Originally conceived of as contract work, “alternative” work today includes work performed by outsourced teams, contractors, freelancers, gig workers (paid for tasks), and the crowd (outsourced networks). The world is seeing rapid growth in the number of people working under such arrangements. By 2020, for instance, the number of selfemployed workers in the United States is projected to triple to 42 million people. Freelancers are the fastest-growing labour group in the European Union, with their number doubling between 2000 and 2014; growth in freelancing has been faster than overall employment growth in the United Kingdom, France, and the Netherlands. And many people are alternative workers part-time: Deloitte’s latest millennial study found that 64 per cent of full-time workers want to do “side hustles” to make extra money.
For organisations that want to grow and access critical skills, managing alternative forms of employment has become critical. Many countries are seeing declining birth rates, reducing the size of the labour pool. Forty-five per cent of surveyed employers worldwide say they are having trouble filling open positions, the largest such percentage since 2006. Among companies with more than 250 employees, the percentage struggling to find qualified candidates rises to 67 per cent.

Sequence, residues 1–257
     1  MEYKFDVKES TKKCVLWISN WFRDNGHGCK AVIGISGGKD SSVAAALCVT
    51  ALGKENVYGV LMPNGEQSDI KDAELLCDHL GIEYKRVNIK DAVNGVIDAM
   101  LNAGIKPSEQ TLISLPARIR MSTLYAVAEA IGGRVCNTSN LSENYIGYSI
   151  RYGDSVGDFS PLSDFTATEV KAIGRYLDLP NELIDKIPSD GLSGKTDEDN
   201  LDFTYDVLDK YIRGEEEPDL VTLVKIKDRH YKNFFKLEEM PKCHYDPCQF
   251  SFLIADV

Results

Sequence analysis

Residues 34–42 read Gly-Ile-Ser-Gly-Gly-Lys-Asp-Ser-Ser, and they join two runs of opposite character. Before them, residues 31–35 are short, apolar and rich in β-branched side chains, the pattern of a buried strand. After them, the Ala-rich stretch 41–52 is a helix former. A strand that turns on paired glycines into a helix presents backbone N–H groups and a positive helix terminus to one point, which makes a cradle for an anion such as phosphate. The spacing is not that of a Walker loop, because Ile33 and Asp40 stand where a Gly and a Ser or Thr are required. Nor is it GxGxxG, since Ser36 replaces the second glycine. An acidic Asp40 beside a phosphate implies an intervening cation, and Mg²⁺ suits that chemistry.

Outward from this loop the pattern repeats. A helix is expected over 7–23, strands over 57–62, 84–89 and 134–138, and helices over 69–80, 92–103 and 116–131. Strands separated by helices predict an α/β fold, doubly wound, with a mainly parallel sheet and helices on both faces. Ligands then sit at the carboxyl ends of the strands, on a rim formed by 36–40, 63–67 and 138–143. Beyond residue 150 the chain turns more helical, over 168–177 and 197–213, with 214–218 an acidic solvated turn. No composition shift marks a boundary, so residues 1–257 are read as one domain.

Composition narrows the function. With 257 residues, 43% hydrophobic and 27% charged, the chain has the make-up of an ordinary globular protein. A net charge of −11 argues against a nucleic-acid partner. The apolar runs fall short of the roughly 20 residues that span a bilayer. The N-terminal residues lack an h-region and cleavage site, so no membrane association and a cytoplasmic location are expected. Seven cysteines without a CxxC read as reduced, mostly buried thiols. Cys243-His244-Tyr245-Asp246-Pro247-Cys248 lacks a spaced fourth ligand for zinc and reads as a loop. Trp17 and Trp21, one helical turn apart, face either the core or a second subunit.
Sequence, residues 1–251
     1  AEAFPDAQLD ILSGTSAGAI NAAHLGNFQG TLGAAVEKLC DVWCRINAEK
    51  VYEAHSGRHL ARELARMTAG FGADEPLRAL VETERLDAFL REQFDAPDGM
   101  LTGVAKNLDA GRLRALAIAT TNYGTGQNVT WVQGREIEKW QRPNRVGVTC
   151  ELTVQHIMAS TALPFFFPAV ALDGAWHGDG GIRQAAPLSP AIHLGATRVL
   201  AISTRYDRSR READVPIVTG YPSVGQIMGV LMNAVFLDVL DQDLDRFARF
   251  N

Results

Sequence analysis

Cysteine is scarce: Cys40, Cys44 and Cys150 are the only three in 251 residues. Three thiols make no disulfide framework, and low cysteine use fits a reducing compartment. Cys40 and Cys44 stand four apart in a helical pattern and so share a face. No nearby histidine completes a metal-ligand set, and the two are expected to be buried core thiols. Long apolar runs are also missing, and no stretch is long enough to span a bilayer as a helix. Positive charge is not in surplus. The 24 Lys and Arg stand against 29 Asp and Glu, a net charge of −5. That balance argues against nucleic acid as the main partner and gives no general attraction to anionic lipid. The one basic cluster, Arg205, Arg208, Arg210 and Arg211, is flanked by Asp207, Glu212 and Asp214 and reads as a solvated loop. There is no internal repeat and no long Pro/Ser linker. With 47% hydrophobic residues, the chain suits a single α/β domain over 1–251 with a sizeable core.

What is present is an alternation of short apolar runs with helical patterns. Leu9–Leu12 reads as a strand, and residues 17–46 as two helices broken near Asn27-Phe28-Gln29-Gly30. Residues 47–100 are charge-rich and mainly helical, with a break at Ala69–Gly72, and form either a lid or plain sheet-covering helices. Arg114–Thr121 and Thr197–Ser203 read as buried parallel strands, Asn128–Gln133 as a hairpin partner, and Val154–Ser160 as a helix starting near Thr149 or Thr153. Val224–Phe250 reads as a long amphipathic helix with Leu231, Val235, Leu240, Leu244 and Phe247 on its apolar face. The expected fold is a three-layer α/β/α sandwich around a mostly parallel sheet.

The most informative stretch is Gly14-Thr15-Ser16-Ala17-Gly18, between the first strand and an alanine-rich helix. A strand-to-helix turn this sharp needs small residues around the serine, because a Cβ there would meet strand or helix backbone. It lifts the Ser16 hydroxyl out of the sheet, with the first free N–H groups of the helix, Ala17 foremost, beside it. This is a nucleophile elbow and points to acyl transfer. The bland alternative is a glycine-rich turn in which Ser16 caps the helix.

At the same time, retirees are reentering the workforce, people are spending time caring for chil¬dren and aging parents, and individuals are going back to school. These trends create more depth and scale across the range of alternative talent pools.